With co-producers like Robert Redford, Terrence Malick and our own Gill Holland, the film is a love letter of sorts from Kentucky to the world — alerting people to the changing landscapes and shifting values of rural America.
Now, Louisvillians will have a free chance to see the film on Wednesday, April 18, as it screens at the Filson Historical Society before it airs nationally on PBS and locally on KET the following week. There will be a discussion following the film with Berry’s daughter, Mary Berry, which will be moderated by Holland.
The 83-year-old poet laureate only appears in the film in photographs, although he provides the voice-over by reading from his more than 40 works of poetry, nonfiction and fiction. Dunn told us that was intentional, as Berry wasn’t interested much in being on film. Instead, she said, the focus is on his Henry County community.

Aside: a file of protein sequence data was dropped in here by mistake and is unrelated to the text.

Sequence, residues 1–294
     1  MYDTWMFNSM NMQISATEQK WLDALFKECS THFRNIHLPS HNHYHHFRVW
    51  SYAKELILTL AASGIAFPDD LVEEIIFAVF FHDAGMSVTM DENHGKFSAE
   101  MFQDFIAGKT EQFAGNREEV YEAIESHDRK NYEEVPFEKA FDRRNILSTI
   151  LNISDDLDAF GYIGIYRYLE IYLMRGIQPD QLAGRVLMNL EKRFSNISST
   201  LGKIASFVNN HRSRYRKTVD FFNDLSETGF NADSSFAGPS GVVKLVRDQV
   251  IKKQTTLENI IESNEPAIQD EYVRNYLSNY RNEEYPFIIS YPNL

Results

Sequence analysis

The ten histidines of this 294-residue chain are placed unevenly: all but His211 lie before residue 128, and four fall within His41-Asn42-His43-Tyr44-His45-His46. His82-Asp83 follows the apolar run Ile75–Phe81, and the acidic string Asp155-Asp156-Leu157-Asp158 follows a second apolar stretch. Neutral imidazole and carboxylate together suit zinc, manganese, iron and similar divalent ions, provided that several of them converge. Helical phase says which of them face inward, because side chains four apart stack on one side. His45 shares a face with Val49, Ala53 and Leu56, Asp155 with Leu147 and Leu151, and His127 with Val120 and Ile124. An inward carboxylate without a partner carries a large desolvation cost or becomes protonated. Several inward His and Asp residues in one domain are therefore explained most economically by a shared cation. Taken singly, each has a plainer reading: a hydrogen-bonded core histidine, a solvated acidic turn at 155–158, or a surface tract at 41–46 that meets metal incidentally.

“He said to me once, ‘I am nothing but for the people on the land, the people who are my neighbors and my family and my place,’ ” said Dunn. “He is his place. He doesn’t like the idolatry of famous figures. It’s not about the person, it’s about the community and the membership.”
Although the film also examines the dying farms and poverty in rural America, there is the idea of hope and rising above new challenges that is woven throughout.
“Wendell is adamant about cultivating hope,” Dunn said. “He’s looking at this and saying, ‘You can’t just sit around and cry. You’ve got to give the people hope.’ You kind of have to look at both viewpoints: Yes, in a larger context, it is terrifying. But if you look on a small, local scale, there are enormous signs of hope.”
“Look & See” will be shown at 6 p.m. on Wednesday, April 18, at the Filson Historical Society, 1310 S. Third St. The event is free, but reservations are required.
The film will air on KET on Monday, April 23, at 10 p.m., and on KET2 on Monday, April 30, at 9 p.m.